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Risk Management

7 Indicators of a Best-in-Class Safety Culture

Making positive organizational changes to your safety culture starts at the top, but a multitude of other business goals can make it difficult for a leadership team to prioritize its performance. These criteria may help companies identify when they are achieving success.

April 8, 2024

One of the most critical components of a risk manager’s role is incorporating safety into their organization’s culture. However, organizational safety culture can be challenging to define, creating obstacles to measuring a successful integration.

“We can measure the success of a safety program, but attributing it as a manifestation of purely culture changes can be tricky,” said Jared Smith, Risk Services Manager at Safety National. “Especially since there can be both positive and negative aspects of a safety culture depending on overall employee attitudes towards how they interact with safety among their co-workers.”

These best practices may help safety and risk managers verify the strength of their organization’s safety culture.

1. Organizational meetings are held to recognize safety efforts.

Lunches, trainings, and all-hands meetings can be used to enforce safety measures and compliment employees for their work towards achieving them, furthering organizational safety. Every opportunity to encourage the importance of following safety protocol with employees in combined meetings can help instill and reinforce a safety mindset in the organization.

2. Operational and field supervisors participate in safety meetings.

Building a safety committee that includes company stakeholders from a variety of departments and job levels can offer valuable input on the company’s risk management program. Ideally, top-level supervisors are invested in the process, but it is also important to have field and operational supervisors participate due to their knowledge of day-to-day job duties and close working relationships with operational employees. This will help ensure that the safety committee’s efforts trickle down to the right segments of the workforce.

3. Leadership teams discuss safety in their meetings.

Does executive leadership discuss safety concerns, accidents, and investigations within the organization? If so, the tenor of the discussions within those meetings has a better chance of disseminating to the rest of the organization. To enforce a strong safety culture, it is important to lead by example with a strong message of support for safety initiatives.

4. Employees remind leadership of the safety rules in the field or other operations.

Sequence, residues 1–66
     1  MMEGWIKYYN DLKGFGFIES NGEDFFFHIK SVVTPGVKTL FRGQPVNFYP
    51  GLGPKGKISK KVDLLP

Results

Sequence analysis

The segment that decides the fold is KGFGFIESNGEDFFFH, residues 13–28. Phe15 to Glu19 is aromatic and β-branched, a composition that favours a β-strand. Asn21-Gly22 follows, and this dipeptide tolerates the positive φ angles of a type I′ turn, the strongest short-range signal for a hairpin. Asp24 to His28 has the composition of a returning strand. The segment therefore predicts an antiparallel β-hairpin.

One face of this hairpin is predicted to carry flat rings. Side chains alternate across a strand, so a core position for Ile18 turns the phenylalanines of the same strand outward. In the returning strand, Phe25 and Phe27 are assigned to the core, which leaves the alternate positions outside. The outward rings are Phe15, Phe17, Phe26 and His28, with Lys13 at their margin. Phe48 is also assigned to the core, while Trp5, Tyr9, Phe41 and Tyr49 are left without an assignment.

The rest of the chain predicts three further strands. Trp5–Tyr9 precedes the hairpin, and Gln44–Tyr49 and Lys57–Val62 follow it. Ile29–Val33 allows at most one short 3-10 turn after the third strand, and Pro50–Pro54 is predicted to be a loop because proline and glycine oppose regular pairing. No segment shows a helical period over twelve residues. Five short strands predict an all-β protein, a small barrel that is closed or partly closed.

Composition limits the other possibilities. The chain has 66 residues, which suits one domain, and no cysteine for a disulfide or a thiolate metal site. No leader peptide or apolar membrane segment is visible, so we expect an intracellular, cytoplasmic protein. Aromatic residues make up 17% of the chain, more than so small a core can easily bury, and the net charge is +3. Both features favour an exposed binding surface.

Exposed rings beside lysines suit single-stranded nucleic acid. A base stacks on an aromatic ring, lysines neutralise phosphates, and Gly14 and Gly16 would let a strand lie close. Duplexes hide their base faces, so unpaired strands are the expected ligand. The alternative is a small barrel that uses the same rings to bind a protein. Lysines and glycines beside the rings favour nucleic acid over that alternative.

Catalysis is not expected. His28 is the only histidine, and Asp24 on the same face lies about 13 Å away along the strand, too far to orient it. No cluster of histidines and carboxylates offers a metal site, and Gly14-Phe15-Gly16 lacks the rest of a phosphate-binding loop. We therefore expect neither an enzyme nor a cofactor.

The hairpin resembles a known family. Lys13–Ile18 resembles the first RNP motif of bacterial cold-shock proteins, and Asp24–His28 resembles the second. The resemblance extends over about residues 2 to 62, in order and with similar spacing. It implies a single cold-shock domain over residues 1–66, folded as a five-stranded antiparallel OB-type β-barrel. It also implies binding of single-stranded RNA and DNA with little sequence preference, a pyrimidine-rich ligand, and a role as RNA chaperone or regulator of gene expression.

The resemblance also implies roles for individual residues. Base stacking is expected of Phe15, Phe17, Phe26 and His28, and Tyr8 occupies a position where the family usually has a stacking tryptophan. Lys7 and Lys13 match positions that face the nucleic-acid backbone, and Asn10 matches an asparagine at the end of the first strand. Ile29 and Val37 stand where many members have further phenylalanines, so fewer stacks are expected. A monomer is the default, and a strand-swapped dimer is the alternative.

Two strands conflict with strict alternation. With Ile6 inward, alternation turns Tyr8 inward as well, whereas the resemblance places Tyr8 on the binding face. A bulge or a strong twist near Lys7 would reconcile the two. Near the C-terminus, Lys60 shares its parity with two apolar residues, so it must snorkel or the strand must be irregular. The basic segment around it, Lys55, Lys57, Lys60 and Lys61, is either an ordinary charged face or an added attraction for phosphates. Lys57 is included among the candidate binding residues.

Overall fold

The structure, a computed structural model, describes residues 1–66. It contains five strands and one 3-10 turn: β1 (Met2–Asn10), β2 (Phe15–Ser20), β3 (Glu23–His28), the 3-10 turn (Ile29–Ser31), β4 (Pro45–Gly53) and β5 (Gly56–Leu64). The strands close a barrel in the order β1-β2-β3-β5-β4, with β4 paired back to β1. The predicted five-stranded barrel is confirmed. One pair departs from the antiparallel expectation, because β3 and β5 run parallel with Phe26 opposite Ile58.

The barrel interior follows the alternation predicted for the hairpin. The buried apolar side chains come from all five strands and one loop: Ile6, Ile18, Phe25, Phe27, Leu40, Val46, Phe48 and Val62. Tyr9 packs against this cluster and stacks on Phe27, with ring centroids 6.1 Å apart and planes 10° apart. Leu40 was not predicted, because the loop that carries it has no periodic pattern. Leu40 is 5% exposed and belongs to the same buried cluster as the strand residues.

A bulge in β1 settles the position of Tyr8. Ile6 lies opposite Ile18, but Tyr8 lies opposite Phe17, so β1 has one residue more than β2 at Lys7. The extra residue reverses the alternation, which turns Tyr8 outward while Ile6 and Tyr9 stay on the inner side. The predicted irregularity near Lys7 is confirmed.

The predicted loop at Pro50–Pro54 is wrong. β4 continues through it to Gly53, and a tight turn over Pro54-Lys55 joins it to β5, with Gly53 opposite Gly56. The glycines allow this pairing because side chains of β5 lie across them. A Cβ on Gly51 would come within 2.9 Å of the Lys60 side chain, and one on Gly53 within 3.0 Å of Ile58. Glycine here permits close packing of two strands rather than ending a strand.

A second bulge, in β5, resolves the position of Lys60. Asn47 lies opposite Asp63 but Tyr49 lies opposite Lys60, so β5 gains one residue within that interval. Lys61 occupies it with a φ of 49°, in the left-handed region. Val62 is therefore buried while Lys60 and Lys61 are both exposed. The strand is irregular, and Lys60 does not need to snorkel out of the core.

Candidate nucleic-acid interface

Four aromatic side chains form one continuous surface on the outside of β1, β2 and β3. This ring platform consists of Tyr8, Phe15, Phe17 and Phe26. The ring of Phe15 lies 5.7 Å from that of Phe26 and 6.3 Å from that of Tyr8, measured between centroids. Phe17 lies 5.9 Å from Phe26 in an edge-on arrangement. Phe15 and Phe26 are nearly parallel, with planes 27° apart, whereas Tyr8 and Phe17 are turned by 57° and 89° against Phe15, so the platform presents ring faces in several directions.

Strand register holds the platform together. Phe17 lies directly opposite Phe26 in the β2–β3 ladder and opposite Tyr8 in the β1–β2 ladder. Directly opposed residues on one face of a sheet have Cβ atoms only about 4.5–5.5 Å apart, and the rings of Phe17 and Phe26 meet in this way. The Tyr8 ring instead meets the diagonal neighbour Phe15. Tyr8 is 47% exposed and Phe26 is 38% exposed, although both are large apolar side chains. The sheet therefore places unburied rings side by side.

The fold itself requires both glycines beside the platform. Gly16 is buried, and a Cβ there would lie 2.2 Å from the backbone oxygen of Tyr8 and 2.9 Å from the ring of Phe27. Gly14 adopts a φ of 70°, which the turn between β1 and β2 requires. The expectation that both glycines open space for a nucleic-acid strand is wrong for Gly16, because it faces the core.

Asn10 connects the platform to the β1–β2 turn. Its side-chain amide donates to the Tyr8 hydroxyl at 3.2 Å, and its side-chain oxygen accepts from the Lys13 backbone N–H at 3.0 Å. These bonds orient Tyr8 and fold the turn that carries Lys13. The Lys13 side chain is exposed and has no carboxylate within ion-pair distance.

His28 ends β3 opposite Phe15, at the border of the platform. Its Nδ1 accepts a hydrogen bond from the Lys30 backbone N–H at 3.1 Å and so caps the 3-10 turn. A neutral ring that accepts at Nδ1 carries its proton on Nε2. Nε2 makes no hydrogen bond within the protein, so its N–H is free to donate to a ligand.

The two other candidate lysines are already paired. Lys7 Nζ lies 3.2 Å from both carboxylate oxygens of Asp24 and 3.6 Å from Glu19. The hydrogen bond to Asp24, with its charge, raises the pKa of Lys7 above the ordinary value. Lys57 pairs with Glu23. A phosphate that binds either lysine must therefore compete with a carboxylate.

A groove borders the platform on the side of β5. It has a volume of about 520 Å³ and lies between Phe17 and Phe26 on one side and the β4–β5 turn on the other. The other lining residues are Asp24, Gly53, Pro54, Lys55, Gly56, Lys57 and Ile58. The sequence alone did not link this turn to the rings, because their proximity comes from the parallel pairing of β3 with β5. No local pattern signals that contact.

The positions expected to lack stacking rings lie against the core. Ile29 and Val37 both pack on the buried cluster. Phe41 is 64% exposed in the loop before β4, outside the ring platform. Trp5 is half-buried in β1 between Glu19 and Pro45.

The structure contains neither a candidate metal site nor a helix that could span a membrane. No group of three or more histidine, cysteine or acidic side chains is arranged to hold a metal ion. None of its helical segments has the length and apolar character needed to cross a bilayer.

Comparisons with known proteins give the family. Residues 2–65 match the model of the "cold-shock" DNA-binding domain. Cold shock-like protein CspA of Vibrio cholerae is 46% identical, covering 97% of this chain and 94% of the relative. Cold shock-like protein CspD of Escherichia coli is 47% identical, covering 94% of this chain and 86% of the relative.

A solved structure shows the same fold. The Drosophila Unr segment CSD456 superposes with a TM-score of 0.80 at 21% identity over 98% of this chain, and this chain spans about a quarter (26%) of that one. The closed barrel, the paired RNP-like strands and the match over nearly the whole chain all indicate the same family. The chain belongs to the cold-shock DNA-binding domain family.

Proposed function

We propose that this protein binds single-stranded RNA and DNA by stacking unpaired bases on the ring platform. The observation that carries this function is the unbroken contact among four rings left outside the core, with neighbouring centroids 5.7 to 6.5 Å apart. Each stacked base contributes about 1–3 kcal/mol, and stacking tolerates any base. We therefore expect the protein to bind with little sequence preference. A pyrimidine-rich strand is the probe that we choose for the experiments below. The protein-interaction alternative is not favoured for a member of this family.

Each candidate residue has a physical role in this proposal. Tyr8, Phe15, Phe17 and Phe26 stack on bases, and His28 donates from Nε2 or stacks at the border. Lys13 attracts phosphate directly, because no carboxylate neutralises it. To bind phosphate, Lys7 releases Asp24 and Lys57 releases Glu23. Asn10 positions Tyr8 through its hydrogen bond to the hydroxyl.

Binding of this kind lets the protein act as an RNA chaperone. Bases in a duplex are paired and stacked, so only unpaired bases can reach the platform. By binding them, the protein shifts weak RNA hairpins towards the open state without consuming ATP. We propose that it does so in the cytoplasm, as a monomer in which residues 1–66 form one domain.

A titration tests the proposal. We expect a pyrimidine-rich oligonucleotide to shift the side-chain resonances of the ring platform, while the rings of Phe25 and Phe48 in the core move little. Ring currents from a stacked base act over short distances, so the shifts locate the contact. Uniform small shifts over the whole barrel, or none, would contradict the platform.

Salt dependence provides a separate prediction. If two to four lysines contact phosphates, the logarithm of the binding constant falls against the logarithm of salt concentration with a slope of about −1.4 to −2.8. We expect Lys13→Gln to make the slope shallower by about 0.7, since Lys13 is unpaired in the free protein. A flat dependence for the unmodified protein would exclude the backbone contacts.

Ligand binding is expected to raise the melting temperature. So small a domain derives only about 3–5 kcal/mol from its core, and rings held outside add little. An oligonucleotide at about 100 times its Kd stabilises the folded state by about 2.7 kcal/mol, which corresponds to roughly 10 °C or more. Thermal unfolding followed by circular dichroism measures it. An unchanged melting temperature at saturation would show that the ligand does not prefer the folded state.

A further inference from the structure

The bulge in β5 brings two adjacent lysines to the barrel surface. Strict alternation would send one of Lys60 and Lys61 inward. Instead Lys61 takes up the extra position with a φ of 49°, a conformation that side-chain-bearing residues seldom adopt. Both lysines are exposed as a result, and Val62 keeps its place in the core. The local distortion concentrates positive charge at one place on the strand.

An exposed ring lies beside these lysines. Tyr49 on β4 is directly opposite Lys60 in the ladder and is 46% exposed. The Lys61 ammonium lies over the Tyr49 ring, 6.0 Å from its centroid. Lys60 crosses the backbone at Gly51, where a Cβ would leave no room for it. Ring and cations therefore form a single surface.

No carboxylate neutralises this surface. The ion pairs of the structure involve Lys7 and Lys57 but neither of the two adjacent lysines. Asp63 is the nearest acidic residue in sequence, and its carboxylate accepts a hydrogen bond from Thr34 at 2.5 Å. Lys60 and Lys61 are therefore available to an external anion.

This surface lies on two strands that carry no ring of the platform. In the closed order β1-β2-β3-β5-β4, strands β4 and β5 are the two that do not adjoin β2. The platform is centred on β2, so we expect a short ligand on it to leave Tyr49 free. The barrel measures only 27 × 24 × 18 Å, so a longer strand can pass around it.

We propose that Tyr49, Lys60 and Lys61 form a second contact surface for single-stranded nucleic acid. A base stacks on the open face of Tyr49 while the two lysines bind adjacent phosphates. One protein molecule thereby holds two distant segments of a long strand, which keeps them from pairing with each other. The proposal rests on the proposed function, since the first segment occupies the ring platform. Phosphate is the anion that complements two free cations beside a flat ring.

Do employees ensure that supervisors are wearing personal protective equipment at the job site? After all, the safety rules apply to everyone within the organization, regardless of position or title. When employees are empowered to encourage safety amongst their colleagues, especially toward organizational leadership, it demonstrates broad adoption, acceptance, and enforcement.

5. Employees and supervisors take accountability.

When reading accident reports, are employees blaming the car, equipment, coworker, or weather for an accident? Employees who are accountable for accidents, recognize their mistakes, and present an apologetic attitude toward the accident are more likely to learn from their mistakes and improve. Without acknowledging their role in the accident, they are prone to repeating errant behavior. Additionally, when leadership accepts responsibility for their faults, employees are more likely to follow a safety culture since there is perceived equality. Accountability across the organization is vital for building a strong safety culture.

6. All accidents and incidents are investigated for review.

Are employees reporting all incidents, even when they are very minor? Are all incidents being investigated and reviewed by supervisors to identify areas of opportunity? When all incidents, both major and minor, are investigated and reviewed, it shows employees that the organization takes all incidents very seriously. Accident reviews should also focus on correcting behavior and not discipline. While behavioral correction may occasionally involve discipline, the focus should be on ensuring incidents are not repeated.

7. Incidents are shared throughout the organization.

There are reasons why some incidents should not be shared throughout the organization to protect the employee. Still, the more incidents are shared in an organization, the more opportunities there are for everyone to learn from mistakes, no matter how severe.


For more expertise, guidance or resources on this topic, please contact [email protected].